My original posting was:
The original Quantum 105 drives are giving us a lot of problem. Everytime
a power failure occurred I had a hard time getting them to spin up.
I'm aware that there are a couple of new 3.5" half-height drives with
capacity in the region of 1 Gigabyte in the market now and thinking of
using them as replacement for the 105s. However, most of these drives
are using the fast scsi II standard. I would appreciate information
about the compatibility of these drives with the scsi adaptor on the
mother board especially the sparc1 since it doesn't support synchronous
transfer. Will there be any problems with the power supply and the cooling
of the drive? Personally I think that there shouldn't be a problem
with the power supply as I'm going to replace both 105 by a single new one.
If you have any experience in swaping the drives or information regarding
any 3.5" 1 Gig drives (model number, price, hardware spec, format.dat)
please email to me. I'll post a summary of all the responses.
Please note that my site will lost internet connection for about a week
after the 9th September. Thank you.
General consensus on scsi-1 and fast scsi-2 compatibility was the newer
scsi-2 drives should work on the scsi-1 adaptor. From what I have found
out myself, apart from the well discussed IBM 3.5" 1G drive and the
DEC DSP-3105, Quantum, Seagate and Micropolis also has similar product.
The Quantum drive is of particular interest to me since it is 1.2G formatted,
11 ms average seek time, 512k cache and cost about ~$1,800 US.
Many thanks to the following sun-managers who replied:
Jeffrey Marans <firstname.lastname@example.org>
email@example.com (Peter Baumann)
Mike Raffety <firstname.lastname@example.org>
Athula Mandanayake <email@example.com>
firstname.lastname@example.org (Shelley L. Shostak)
Following are a concatenation of all the replies:
From: Jeffrey Marans <email@example.com>
I've been replacing the 105's in ss1's for 3 years now, and the only issues I've
worried about were heating problems. The 420's generate more heat, as indicated
by the power consumption on the disk label [physical label vs magnetic tracks].
I actually put 2 420's in a pizza box and got noise complaints. The disks have
been spinning fine for a year now, so I think the box can handle more heat than
I realize, but in the long term I expect early failure. If you've any weak
components, you can also expect early failure.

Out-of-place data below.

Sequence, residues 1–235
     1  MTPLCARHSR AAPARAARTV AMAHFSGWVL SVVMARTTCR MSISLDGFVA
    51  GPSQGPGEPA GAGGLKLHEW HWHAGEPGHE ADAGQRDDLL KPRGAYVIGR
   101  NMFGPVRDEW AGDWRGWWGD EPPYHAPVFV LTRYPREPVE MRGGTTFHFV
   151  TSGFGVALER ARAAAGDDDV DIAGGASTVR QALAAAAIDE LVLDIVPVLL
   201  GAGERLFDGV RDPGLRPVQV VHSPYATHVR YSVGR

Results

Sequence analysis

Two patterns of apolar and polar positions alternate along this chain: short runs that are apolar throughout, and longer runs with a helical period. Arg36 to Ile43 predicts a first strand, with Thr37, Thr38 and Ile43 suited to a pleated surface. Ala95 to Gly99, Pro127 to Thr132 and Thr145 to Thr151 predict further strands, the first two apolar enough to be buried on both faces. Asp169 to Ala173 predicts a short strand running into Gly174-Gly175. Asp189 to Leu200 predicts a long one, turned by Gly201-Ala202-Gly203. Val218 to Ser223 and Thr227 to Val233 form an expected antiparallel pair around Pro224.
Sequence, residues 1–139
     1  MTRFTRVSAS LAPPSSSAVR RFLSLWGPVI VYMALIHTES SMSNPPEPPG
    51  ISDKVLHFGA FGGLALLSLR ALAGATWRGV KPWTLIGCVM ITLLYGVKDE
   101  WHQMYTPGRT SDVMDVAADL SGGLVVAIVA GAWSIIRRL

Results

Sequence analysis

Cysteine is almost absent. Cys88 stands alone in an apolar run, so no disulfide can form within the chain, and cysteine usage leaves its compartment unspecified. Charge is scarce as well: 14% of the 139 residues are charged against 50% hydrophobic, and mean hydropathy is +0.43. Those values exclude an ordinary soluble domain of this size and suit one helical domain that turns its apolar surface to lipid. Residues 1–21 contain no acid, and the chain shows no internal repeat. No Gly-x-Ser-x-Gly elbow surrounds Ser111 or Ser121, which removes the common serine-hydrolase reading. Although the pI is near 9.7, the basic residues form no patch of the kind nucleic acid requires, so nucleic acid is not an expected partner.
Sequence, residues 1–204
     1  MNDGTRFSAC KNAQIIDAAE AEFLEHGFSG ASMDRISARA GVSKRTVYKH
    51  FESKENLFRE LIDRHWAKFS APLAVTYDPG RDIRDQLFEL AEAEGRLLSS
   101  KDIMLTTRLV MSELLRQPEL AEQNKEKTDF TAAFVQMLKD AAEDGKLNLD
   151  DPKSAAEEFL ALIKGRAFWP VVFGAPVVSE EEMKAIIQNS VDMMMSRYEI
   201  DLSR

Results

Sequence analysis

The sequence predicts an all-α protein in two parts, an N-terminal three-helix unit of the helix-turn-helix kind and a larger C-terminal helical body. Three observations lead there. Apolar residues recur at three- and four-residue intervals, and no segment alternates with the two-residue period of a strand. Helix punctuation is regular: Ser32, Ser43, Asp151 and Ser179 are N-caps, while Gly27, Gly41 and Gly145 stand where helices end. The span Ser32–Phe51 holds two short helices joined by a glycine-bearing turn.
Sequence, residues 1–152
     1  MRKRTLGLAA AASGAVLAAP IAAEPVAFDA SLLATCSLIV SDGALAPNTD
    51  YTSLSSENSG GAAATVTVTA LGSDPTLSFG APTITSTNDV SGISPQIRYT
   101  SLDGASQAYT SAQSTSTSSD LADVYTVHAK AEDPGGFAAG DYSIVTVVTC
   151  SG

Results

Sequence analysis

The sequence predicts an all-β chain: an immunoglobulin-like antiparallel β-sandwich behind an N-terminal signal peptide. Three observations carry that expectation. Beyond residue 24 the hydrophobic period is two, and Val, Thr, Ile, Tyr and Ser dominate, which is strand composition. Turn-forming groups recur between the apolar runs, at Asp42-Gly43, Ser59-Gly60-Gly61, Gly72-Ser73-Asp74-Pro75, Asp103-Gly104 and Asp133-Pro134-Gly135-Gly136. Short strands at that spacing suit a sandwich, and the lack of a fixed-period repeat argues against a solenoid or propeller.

I've ordered a 1G for my own machine and when it arrives I'll find out if it
works, but I'm expecting it'll behave like a racing car confined to city
I continually see postings requesting format.dat entries, and I just
don't understand why people need them. When I install a new disk, if
format doesn't recognize the type, it says so. Starting with a raw
disk, which is how all mine arrive, I use the type command and select
other, as in:
AVAILABLE DRIVE TYPES:
0. Micropolis 1355
1. Toshiba MK 156F
2. Micropolis 1558
3. Quantum ProDrive 80S
4. Quantum ProDrive 105S
5. CDC Wren IV 94171-344
14. Maxtor LXT-200S
Specify disk type (enter its number) : 15
That's when I'm prompted for the number of cylinders, etc, and when that's done
format is ready to write a label. The rest of the process follows straight out
of the Sys Admin Course manual.
From: firstname.lastname@example.org (Peter Baumann)
We just ordered a SCSI-2 drive (DEC). The supplier promised it would run with
a SS2 until we get our SS10. The drive: 3,5' (I don't know which height, it's
external), supposed to be "much faster" than current drives (no reliabl
transfer rate data), 9ms average access, DM 3600,- (1US$ = 1.38DM).
From: Mike Raffety <email@example.com>
Fast SCSI-II drives can always run as slow SCSI-I drives; the SCSI spec
requires upward compatibility, I believe.
The SPARCstation-1 is indeed capable of sync SCSI; some of the older
ones have chips which can choke on it, however.
To enable sync SCSI on a SS-1, use adb to set the kernel global
esp_ss1_esp0sync to one. I ran my SS-1 that way for over a year
without any problems (I now have a SS-2).
You're most likely to have power and/or cooling problems; get the specs
on the old and new disks, and compare.
We have just installed a couple of Toshiba MK438FB 1GB internal
drives in some SS2s. Note, however, that the useable space is
really about 800MB after formatting and running newfs. Getting
them up and running was no problem, and they would appear to work
all right as boot drives. They run a little hotter than a Quantum,
but this doesn't seem to be a problem in the Sparc2 chassis at all.
Any of the following formats work, and appear to be equally efficient
(just don't exceed the sectors available, which seems to be ~1715700):
ncyl=1703, acyl=2, pcyl=1705, nhead=15, nsec=67, rpm=3600
ncyl=1680, acyl=2, pcyl=1682, nhead=15, nsec=68, rpm=3600
ncyl=1425, acyl=2, pcyl=1425, nhead=15, nsec=80, rpm=3600
We bought these drives for ~$1600 US on a "monthly special" from:
Computer Systems Technology (800) 458-5058 sales
One Technology, E-309 (714) 453-8567 voice
Irvine, CA 92718 (714) 453-6832 fax
... which may or may not be a good source for you. The good news is
that the drives are very light and well-packed and should ship well.
From: Athula Mandanayake <firstname.lastname@example.org>
No I have not installed any of these yet.
Will the new
SCSI II fast bus compatible with the existing scsi adaptor on the CPU board?
Yes but if you have normal SCSI bus you can not use the speed (or power) of
SCSI II fast to read/write data. So you will not see any improvement in speed
of the disk.
I think SPARC station 10 has a SCSI II fast ( check ).
From: email@example.com (Shelley L. Shostak)
Be very careful about getting complete information from the vendor. Some of
the disk cannot be used with sparc 1/1+ systems (SS1, SS1+, SLC, IPX), only
the sparc2 based machines (IPC, ELC, SS2, SS10).
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